The Port of Spain Declaration on Non-communicable Diseases: the path to a healthier Caribbean
In 2007, CARICOM leaders signed the ground-breaking Port of Spain Declaration aimed at uniting to stop the epidemic of NCDs. Now this Declaration is being evaluated by a team of top experts.
Are these ambitious commitments being met? What are the successes and challenges?
The evaluation answers these critical questions.
CARICOM leaders: Breakthrough in the fight against NCDs in the region
The push for a healthier Caribbean received a considerable boost when the leaders at the 38th CARICOM Heads of Government Conference in Grenada made new commitments to tackle the epidemic of chronic diseases which is costing the region dear in terms of health and development.
In a session devoted to action against NCDs (non-communicable diseases), the leaders discussed a raft of measures to declare the Caribbean a tobacco-free zone by 2022
At the 38th CARICOM Heads of Government Conference one of the main attractions in the meeting area was a ‘sugar display’ constructed by the George Alleyne Chronic Disease Research Centre .
A number of people who saw the display expressed real surprise and concern about the amount of sugar we’re consuming. They included the Prime Minister of Grenada, Dr the Rt Hon. Keith Mitchell, current CARICOM Chair and Dr. the Hon. Timothy Harris, CARICOM’s lead spokesperson on human resource, health and HIV.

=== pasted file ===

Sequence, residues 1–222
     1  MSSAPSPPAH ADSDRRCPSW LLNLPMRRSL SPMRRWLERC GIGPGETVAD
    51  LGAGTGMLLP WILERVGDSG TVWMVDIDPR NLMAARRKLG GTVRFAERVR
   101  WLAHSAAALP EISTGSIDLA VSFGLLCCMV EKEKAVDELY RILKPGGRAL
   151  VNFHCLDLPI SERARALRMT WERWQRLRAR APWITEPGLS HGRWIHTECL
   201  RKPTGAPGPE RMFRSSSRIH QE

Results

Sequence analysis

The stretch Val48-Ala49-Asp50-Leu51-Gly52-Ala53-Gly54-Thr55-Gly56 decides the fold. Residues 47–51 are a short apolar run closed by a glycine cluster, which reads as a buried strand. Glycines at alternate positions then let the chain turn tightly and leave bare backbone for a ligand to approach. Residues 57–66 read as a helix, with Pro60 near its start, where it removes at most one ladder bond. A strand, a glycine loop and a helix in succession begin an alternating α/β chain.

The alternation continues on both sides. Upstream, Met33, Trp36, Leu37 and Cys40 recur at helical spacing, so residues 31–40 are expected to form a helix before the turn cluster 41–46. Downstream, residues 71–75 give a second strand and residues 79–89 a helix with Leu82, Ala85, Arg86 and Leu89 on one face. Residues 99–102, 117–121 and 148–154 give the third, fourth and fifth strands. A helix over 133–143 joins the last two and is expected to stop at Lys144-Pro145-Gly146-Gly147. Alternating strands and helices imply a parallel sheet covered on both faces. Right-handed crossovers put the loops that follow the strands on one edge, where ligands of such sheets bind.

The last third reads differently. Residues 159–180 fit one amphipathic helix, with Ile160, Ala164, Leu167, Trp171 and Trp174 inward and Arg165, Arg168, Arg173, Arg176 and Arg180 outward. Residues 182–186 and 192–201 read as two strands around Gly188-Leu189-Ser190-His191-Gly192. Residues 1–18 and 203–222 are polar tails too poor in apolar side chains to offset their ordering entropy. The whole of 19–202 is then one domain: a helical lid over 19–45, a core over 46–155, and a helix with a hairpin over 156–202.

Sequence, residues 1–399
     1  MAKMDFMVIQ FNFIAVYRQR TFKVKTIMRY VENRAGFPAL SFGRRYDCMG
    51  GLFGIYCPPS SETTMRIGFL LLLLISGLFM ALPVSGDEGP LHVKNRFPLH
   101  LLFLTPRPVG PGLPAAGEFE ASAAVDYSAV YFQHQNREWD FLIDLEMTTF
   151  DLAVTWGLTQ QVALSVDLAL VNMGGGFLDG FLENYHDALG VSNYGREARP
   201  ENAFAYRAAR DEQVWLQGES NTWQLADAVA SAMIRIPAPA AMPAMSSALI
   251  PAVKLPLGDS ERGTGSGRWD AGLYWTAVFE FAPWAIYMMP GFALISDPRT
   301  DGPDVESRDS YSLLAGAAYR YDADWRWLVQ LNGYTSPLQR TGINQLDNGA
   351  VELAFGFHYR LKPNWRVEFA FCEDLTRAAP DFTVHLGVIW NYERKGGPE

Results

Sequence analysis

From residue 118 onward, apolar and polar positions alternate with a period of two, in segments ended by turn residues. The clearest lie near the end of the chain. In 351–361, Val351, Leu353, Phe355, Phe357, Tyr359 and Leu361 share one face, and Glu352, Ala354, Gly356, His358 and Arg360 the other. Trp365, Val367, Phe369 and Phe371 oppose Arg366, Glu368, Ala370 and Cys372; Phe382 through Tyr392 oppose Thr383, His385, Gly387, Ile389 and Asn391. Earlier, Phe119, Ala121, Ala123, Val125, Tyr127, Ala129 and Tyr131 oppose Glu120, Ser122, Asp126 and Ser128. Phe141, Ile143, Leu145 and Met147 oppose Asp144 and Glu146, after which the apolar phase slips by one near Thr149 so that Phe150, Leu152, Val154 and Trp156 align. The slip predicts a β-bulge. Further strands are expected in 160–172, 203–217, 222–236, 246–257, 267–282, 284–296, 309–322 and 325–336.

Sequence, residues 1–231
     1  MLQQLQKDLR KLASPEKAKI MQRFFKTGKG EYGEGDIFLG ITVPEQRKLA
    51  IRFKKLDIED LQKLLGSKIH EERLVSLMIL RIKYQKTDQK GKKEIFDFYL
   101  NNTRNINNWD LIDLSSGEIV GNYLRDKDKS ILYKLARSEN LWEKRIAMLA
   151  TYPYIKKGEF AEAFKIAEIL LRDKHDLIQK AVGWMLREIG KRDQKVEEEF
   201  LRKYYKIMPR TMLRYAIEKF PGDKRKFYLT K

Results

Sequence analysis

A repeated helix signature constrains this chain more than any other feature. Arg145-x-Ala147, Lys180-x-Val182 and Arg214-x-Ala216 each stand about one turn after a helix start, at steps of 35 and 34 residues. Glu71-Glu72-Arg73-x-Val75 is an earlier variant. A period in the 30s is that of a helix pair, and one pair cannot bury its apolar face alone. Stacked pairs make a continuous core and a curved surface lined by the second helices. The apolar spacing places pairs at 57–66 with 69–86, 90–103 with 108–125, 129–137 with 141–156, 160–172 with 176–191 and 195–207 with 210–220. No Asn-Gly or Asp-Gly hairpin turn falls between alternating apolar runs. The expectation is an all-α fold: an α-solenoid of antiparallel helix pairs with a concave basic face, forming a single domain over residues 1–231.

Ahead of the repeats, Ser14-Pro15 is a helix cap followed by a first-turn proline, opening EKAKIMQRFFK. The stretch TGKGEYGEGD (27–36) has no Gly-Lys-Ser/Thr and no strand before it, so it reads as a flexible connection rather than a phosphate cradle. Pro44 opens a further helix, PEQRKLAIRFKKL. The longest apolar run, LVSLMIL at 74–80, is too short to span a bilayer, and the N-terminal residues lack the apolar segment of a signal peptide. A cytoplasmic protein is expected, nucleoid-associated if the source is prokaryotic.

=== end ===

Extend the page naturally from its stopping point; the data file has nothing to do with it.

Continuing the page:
Declaration of Port-Of-Spain: Uniting to Stop the Epidemic Of Chronic NCDs
We, the Heads of Government of the Caribbean Community (CARICOM), meeting at the Crowne Plaza Hotel, Port-of-Spain, Trinidad and Tobago on 15 September 2007 on the occasion of a special Regional Summit on Chronic Non-Communicable Diseases (NCDs);Conscious of the collective actions which have in the past fuelled regional integration, the goal of which is to enhance the well-being of the citizens of our countries;
Public perceptions of non-communicable diseases (NCDs)
What does the public understand about NCDs? Have they heard of them? What are their experiences of them and how do they feel they touch their lives?
This was the question that Dr Anique Atherley, a Junior Research Fellow at the University of the West Indies and a group of researchers set out to answer in a quick research project focusing on short street interviews with Barbadian men and women. They captured a variety of opinions in a variety of settings around the island.
Here is a selection of their voices.
Living with cancer: Michelle’s story
Michelle O’Kieffe was diagnosed with an aggressive form of breast cancer at the age of 32. Having been in remission for many years, she is determined to improve support for women living with cancer in Trinidad and Tobago. Here is her story.
My name is Michelle O’Kieffe and I live in Trinidad. I was diagnosed with breast cancer in February 2000 at the age of 32.
I discovered a small lump just below my right breast. When I went to get it checked out the doctors were more panicked than I was. I didn’t have a clue that it could be cancer. There was no history of it in my family and I was young, 121 pounds, I didn’t smoke, I was vegetarian, really active.
But when I got the diagnosis, that the cancer had already spread, I took it in my stride. I saw it as another challenge, another hurdle to get over. If anything it was harder on my mum who was alive at the time. She took all the worry, all the emotion, asked all the questions that I didn’t want to ask.
It was hard on my husband and kids as well. I had two sons Christopher aged 12 and Christian 6. I started preparing them for what might happen.